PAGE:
Houston Health Department
Cooling centers remain available as heat emergency plan deactivated
August 14, 2019
HOUSTON - City of Houston cooling centers, consisting of 11 multi-service centers, 60 community centers and 40 library locations remain available during business hours, however the City of Houston Public Health Heat Emergency Plan has been suspended, including free METRO rides to designated cooling centers.
The plan is activated when the heat index reaches 108 degrees two or more consecutive days and suspended when it falls below that threshold.
High-risk groups such as adults age 55 and older, children under the age of five and people with chronic illness are urged to stay inside air-conditioned buildings between 1 p.m. and 5 p.m., the hottest part of the day.
The Houston Health Department urges people to protect themselves and loved ones from potentially deadly heat-related illness with the following tips:
- Stay hydrated by drinking more water than usual — and don't wait until you're thirsty. Avoid beverages with caffeine, alcohol or large amounts of sugar because these can result in the loss of body fluid.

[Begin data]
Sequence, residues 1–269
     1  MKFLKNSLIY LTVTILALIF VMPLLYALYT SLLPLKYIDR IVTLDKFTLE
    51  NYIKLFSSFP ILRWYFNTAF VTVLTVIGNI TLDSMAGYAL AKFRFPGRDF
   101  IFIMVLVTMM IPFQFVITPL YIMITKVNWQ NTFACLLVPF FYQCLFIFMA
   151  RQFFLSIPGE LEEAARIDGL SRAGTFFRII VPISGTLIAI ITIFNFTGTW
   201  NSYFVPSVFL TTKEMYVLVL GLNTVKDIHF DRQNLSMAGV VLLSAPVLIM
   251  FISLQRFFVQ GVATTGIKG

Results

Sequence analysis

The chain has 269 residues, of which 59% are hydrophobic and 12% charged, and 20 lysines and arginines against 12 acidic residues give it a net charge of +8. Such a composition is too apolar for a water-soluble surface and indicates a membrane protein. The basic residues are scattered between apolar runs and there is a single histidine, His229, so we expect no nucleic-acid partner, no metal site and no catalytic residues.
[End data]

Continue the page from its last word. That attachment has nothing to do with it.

- Take breaks if working outdoors and schedule work in the morning or evening. Wear light-colored, loose fitting clothing that permits the evaporation of perspiration. Those unaccustomed to working or exercising in a hot environment need to start slowly and gradually increase heat exposure over several weeks. A wide-brimmed hat helps prevent sunburn as well as heat-related illness. Sunscreen also protects from the sun’s harmful rays and reduces the risk of sunburn.
- Cool off by going to a cooling center (multi-service centers) or other facility open to the public such as libraries, malls, or community centers if you don't have air conditioning. Take frequent cool baths or showers if your home is not air-conditioned.
- Check on vulnerable people like young children, older adults and those who live alone. Never leave a person or pet unattended in a vehicle.
Symptoms of heat exhaustion include faintness, dizziness, excessive sweating, cool or clammy skin, nausea or vomiting, muscle cramps, and a rapid, weak pulse. People experiencing these symptoms should lower the body temperature by getting to a cooler place, drinking water, taking a cool shower or bath and resting.
Confusion, a throbbing headache, lack of sweat, red, hot and dry skin, nausea or vomiting, loss of consciousness, and a rapid, strong pulse are signs of heat stroke. If these symptoms occur, call 9-1-1 immediately and try to lower the person’s body temperature until help arrives.
Lists of city facilities and hours of operation are available at HoustonEmergency.org.